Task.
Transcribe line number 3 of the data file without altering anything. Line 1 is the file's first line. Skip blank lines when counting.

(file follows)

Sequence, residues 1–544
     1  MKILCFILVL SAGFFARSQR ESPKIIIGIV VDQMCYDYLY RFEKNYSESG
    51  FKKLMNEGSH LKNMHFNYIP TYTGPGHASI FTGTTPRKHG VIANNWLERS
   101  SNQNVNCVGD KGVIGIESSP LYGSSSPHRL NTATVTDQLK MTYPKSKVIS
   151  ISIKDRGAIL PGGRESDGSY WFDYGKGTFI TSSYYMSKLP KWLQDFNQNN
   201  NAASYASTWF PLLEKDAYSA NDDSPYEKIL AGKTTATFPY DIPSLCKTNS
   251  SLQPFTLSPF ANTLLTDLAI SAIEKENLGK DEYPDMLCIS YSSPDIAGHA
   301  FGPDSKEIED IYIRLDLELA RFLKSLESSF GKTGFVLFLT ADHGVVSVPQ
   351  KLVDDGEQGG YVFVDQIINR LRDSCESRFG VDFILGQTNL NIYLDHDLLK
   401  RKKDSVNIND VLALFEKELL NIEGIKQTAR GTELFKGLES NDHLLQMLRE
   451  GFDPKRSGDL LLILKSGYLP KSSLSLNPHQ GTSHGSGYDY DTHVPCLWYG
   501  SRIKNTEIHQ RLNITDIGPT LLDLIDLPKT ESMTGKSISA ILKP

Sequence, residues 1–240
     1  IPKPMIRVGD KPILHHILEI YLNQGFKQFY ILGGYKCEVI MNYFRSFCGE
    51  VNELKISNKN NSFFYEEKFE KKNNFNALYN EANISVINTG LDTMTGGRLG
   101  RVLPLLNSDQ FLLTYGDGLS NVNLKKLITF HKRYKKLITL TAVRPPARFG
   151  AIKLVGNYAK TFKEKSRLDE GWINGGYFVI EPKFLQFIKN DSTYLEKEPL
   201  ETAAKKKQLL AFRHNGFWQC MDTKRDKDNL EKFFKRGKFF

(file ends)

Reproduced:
    51  FKKLMNEGSH LKNMHFNYIP TYTGPGHASI FTGTTPRKHG VIANNWLERS